- Yes, hydrogen bonds take energy to form, and actually take a larger amount of heat to disrupt a hydrogen bond putting hydrogen bonds. So in theory other liquids with the same evaporating temperatures would take less energy.(3 votes)
- At1:08, Sal says that sweat is mainly made up of water, so what are the rest of the constituents of sweat? I know that since sweat tastes salty, it has a salt content (NaCl), but what else it has along with water and salt, no matter how small the quantity?(0 votes)
- i found this at Chemistry.about.com... hope it helps!
Perspiration consists of water, minerals, lactate and urea. On average, the mineral composition is:
sodium (0.9 gram/liter)
potassium (0.2 g/l)
calcium (0.015 g/l)
magnesium (0.0013 g/l)
Trace metals that the body excretes in sweat include:
zinc (0.4 milligrams/liter)
copper (0.3–0.8 mg/l)
iron (1 mg/l)
chromium (0.1 mg/l)
nickel (0.05 mg/l)
lead (0.05 mg/l)(8 votes)
- Is water and sweat always used to cool yourself down or heat?(2 votes)
- Sweat can also be used in other situations than for cooling or heating. When we are stressed or frightened, we tend to sweat a lot. The sweat has unpleasant odor that is considered to be a social signal in threatening environment. It is believed to be an evolutionarily acquired trait to warn someone that there may be a danger there.(3 votes)
- Why do the water molecules not have the same amount of kinetic energy?
And why can we see sweat in a liquid state on our body if the water evaporates as a gas?(2 votes)
- The simple answer to both of your questions: temperature.
For your first question, each water molecule has a different temperature, and so that is what gives them different amounts of kinetic energy.
Second question: Remember that the difference between H2O in a liquid state and a gaseous state is the temperature. So, the temperature of the liquid state of water must change in order for it to become a gas.(1 vote)
- Hello! This is so incredible and so crazy to find out. I would like to know how our bodies will cool down when we dive into a pool, for example. In that case, there will be no evaporation, right? Thank you!!(2 votes)
- Evaporative and non-evaporative cooling works partly because water is a conductor(1 vote)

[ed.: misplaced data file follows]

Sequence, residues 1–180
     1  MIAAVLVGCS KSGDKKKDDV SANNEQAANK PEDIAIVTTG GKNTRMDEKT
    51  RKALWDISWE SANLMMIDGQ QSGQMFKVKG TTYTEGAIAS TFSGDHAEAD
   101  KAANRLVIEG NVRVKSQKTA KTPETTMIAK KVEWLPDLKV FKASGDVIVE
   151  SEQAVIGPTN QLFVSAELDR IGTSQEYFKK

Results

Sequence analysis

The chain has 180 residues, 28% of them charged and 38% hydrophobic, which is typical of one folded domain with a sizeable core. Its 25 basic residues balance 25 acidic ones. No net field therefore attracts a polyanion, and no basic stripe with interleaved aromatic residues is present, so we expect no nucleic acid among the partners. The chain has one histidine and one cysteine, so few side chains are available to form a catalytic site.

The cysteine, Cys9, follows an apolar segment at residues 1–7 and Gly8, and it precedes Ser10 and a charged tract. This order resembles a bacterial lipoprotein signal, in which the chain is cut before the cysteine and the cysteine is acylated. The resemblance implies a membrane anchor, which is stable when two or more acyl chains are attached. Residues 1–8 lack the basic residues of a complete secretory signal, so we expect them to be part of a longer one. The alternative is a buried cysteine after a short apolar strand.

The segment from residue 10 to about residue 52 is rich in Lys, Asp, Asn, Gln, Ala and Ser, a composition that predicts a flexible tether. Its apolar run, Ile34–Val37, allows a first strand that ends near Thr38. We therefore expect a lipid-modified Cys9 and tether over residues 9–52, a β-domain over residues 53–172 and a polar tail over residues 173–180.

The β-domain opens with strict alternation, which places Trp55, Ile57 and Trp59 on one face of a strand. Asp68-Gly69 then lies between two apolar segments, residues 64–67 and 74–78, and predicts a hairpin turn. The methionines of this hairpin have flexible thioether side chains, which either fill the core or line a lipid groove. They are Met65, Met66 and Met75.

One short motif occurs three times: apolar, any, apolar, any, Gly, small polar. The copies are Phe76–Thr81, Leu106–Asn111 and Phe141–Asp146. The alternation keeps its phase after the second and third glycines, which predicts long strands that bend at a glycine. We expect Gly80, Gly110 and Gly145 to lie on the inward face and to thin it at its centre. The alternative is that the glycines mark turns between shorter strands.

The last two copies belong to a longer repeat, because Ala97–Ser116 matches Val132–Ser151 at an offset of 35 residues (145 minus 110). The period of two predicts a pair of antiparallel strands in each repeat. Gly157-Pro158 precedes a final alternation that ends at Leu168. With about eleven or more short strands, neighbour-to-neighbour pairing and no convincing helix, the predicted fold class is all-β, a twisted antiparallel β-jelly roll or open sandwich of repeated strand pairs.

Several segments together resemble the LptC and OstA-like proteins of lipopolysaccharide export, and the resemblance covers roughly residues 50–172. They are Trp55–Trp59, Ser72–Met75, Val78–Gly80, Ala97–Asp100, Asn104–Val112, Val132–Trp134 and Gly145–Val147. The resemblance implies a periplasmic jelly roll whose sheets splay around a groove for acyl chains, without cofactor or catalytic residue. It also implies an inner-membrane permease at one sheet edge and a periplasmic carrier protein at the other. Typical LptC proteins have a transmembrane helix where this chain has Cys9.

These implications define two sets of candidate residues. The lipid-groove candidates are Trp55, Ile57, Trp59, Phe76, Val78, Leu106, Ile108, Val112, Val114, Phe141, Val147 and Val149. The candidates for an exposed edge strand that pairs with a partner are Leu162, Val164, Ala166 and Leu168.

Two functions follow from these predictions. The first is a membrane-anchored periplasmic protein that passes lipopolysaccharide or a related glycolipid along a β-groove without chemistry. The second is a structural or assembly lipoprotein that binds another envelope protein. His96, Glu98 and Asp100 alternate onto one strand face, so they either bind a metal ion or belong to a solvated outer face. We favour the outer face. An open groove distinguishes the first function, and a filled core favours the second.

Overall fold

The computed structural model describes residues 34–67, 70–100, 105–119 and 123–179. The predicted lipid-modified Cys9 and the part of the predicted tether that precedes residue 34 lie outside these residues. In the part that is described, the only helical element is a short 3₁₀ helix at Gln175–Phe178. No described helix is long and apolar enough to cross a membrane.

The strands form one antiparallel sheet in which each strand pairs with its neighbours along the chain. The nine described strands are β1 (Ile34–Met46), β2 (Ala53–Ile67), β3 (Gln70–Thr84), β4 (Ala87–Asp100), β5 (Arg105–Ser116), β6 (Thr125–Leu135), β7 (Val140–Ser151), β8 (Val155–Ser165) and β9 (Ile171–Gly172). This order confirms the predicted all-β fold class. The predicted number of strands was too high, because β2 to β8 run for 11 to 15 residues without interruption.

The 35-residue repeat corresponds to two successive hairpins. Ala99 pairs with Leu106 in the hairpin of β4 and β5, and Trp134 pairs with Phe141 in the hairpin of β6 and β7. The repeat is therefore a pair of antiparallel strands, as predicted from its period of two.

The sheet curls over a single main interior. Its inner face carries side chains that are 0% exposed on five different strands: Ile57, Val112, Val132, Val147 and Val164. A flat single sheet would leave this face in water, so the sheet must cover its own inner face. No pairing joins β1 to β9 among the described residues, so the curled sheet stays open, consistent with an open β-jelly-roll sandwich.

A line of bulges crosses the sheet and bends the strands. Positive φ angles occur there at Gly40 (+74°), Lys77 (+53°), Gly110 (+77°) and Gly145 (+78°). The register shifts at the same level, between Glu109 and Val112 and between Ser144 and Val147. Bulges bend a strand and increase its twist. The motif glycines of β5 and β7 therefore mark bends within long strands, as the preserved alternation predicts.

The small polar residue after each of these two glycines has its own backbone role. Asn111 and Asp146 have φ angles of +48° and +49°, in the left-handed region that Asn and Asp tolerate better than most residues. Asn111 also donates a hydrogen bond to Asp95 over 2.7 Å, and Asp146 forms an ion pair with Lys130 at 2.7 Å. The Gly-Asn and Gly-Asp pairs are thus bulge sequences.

- [Voiceover] So if you are like most of us, your body probably sweats when it is warm, when your environment is warm, and you probably realize that it sweats in order to cool itself, in order to keep the body from overheating. But you probably have wondered, "Well, how does this work? "What is actually causing that?" And the simple answer is it's happening-- or what's allowing your body to cool-- the chemical process, I guess you could say the physical process is happening is evaporative cooling. Evaporative cooling. Which is really the notion that as that water, those beats of sweat vaporize, it's actually gonna cool your arm down. But that begs the question, how does that actually happen? And so let's just visualize it a little bit. Let's just say that is your arm, so this is your arm right over here, so let's... I don't draw my best... Draw a quick arm right over here, so okay, that's your arm, and it's got beads of sweat. Let's say it's a hot environment it's got beads of sweat right over here. And if we were to zoom in on that sweat, if we were to zoom in on that sweat, we would see the constituent water molecules and sweat is mainly H20. It is mainly water. Now when we talk about the temperature of something, we're talking about the average kinetic energy. Each of the individual molecules, they all have different kinetic energies. They're all bouncing around in different ways and transferring the momentum in all different ways. And so you can imagine a reality. Maybe this one has a fairly high kinetic energy. It's moving in that direction. This one has a lower kinetic energy. moving in this direction. Maybe this one has a medium kinetic energy, moving in this direction. Maybe this one has a really high kinetic energy moving in that direction. And so we've already talked about how hydrogen bonds in water between the partially negative end and the partially positive ends. That's what keeps the water together as these things move past and flow past each other. What gives the water its cohesion is these hydrogen bonds. But if all of a sudden-- remember, we're talking about the average kinetic energy-- but even if we're at room temperature, and the average kinetic energy isn't so hot, you might have individual particles, individual molecules that actually have quite a high kinetic energy and if they're in the right place, if they're near the surface and their kinetic energy is high enough to break the hydrogen bonds with neighboring water molecules, and to overcome the pressure in the atmosphere, so let's say that this is, these are just gas molecules in the atmosphere here. But it's enough to break free and none of these things bounce into it and force it back to form hydrogen bonds. This thing could actually break free and enter and become water vapor. And become in its gaseous state. And it'll be so far apart from other water molecules that it won't form hydrogen bonds anymore. So by vaporizing or by this process of evaporation, what's happening? Well if your highest kinetic energy particles or some of your highest kinetic energy particles are able to escape, what's going to happen to the average kinetic energy? Well as the highest kinetic energy things escape and those are the ones that are most likely to escape, well then your average kinetic energy is going to go down. So average kinetic energy is going to go down. Or another way of saying it, is that your temperature is going to go down. Your temperature is going to go down because as these molecules turn into water vapor, they're going to be the highest kinetic energy, energy is transferred to them, and then they escape. And so what's left over is going to have a lower average kinetic energy. And you're saying, "Well, how does that "actually cool down my hand?" Well, your hand is made up of molecules as well. So let's say this is the surface of your hand, those are the molecules, they have some average kinetic energy, they are kind of vibrating in place, especially if we're talking about they're... they're a solid. And so maybe I'll draw the more, you know, they're vibrating like this, they're bonded to each other in some way. I won't go into the details of what types of molecules these are, but then if you have your water molecules here, water molecules that are sitting on the surface, and I'm drawing this is kind of a cross-section. Let me draw the water molecules. I'll draw them as blue molecules. So this is an H2O right over here. H2O. This is an H2O. And this is an H2O. And they have some hydrogen bonding, so there is some hydrogen bonding going on. Well, as the high kinetic energy water molecules escape, I'll say this one right over here escapes, and so the average kinetic energy of what's left over is lower, so then the temperature has gone down, and now your body molecules, the ones that are all warmed up, and because of whatever's going on inside of your body, well, those can now bump into, they can vibrate and bump into these water molecules and increase their kinetic energy more than the ones that have the most kinetic energy. Those might escape again. And so it's a--one way of thinking about it is that all that heat is being used to allow these individual water molecules to escape in order to vaporize. And so that heat is leaving your body, so it allows you to cool down. Cooling down happens by heat actually leaving. So that's how evaporative... I wrote evaporative cool... That's how evaporative cooling... That's how evaporative cooling actually works.